Objective: The s-allele of the 5-HTTLPR has been suggested to lead to the development of less efficient and less flexible 5-HT system and has been associated to different forms of psychopathology. It has also been shown that alterations in serotonergic activity contribute to the pathophysiology of binge eating but it is not clear which changes in 5-HT function observed in eating disorder patients represent trait vs state effect. We investigated the association between the 5-HTTLPR and binge eating in a population-representative sample of women, and tested whether the 5-HTTLPR genotype influences the severity of binge eating.
Methods: The sample was based on women participating in the third wave of the Estonian Children Personality, Behaviour and Health Study. EDI-2 subscales - drive for thinness and bulimia - were used to assess eating behaviour and attitudes. Barratt Impulsiveness Scale (BIS-11) and State and Trait Anxiety Inventory (STAI) were used to measure impulsivity and anxiety. Participants were genotyped for the 5-HTTLPR.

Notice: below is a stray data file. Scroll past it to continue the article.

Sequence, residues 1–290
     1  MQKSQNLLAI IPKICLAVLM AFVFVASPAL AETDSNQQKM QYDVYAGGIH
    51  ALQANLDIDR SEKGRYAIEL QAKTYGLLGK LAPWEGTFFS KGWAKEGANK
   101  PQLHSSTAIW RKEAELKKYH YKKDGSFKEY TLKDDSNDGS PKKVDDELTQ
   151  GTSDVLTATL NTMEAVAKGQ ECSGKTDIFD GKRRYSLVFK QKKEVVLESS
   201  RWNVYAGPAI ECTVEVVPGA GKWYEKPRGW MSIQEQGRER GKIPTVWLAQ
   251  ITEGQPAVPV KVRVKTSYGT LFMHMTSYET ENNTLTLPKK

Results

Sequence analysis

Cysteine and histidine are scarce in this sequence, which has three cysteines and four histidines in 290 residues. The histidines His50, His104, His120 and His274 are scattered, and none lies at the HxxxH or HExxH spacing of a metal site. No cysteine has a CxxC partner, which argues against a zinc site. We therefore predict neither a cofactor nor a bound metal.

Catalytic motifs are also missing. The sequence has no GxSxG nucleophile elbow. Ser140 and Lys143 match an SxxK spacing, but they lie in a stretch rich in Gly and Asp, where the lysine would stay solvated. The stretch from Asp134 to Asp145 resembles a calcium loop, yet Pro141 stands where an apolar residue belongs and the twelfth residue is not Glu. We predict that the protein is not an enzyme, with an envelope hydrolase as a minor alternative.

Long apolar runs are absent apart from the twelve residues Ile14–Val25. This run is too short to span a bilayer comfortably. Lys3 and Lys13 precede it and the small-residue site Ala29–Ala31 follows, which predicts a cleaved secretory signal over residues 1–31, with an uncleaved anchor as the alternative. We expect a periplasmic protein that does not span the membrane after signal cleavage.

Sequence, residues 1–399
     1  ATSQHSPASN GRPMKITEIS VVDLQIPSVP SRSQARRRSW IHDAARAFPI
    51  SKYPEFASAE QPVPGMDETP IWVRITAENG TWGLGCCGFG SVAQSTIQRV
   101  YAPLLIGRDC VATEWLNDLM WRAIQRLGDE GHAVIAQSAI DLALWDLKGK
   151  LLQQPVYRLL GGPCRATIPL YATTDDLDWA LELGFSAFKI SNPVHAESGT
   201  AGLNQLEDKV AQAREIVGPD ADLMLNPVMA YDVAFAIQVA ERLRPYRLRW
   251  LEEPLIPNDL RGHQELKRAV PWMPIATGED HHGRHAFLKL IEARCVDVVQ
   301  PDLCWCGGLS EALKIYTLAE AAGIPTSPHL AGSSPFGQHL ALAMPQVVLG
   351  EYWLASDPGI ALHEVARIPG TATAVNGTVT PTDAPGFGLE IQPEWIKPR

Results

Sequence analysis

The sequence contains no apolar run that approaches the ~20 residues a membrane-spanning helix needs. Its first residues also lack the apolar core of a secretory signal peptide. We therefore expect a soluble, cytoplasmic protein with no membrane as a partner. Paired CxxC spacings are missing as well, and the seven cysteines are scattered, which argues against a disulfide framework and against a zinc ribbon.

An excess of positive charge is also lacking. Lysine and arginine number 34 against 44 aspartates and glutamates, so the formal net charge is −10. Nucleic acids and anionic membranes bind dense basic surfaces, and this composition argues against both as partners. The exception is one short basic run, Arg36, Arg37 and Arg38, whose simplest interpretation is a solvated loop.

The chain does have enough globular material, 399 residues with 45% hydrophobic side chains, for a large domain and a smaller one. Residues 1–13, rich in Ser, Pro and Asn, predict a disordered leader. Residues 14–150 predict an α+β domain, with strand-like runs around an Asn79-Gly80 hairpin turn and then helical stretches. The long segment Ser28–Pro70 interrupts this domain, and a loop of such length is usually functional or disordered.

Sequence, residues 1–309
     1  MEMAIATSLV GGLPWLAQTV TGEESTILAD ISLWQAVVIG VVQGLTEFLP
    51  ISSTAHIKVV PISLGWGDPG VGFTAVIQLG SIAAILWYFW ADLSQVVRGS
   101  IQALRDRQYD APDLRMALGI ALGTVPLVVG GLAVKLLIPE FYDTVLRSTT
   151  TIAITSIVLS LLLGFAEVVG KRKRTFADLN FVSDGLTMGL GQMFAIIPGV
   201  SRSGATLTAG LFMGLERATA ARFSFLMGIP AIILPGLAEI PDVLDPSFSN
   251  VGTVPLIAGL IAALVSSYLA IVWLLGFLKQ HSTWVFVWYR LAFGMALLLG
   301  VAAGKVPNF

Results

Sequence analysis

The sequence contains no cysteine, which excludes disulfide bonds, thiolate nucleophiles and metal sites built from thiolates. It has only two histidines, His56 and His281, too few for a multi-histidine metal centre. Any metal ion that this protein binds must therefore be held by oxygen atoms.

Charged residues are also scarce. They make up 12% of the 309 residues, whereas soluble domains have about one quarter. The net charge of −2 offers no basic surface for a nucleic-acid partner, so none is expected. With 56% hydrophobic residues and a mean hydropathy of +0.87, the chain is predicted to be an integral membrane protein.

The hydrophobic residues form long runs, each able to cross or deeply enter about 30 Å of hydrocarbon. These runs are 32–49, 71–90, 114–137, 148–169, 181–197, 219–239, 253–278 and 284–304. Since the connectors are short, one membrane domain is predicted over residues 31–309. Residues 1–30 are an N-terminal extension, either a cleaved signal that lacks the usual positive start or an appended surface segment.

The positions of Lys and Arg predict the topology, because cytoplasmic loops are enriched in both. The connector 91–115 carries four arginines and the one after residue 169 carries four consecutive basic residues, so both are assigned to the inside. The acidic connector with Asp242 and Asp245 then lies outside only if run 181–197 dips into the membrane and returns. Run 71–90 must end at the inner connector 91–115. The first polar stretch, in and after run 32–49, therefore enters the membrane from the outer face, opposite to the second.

Results: There was no 5-HTTLPR genotype effect on binge eating even after the covarying effect of impulsivity and anxiety was controlled for. However, women prone to binge eating and carrying the s-allele showed significantly higher levels of bulimia scores, and among them, women with s/s genotype had also higher levels of state anxiety and tendency for higher impulsivity.
Conclusions: While the 5-HTTLPR genotype does not predict symptoms of eating disorder in general population, the s-allele, and especially the s/s genotype increases the risk for affective instability and symptom severity.
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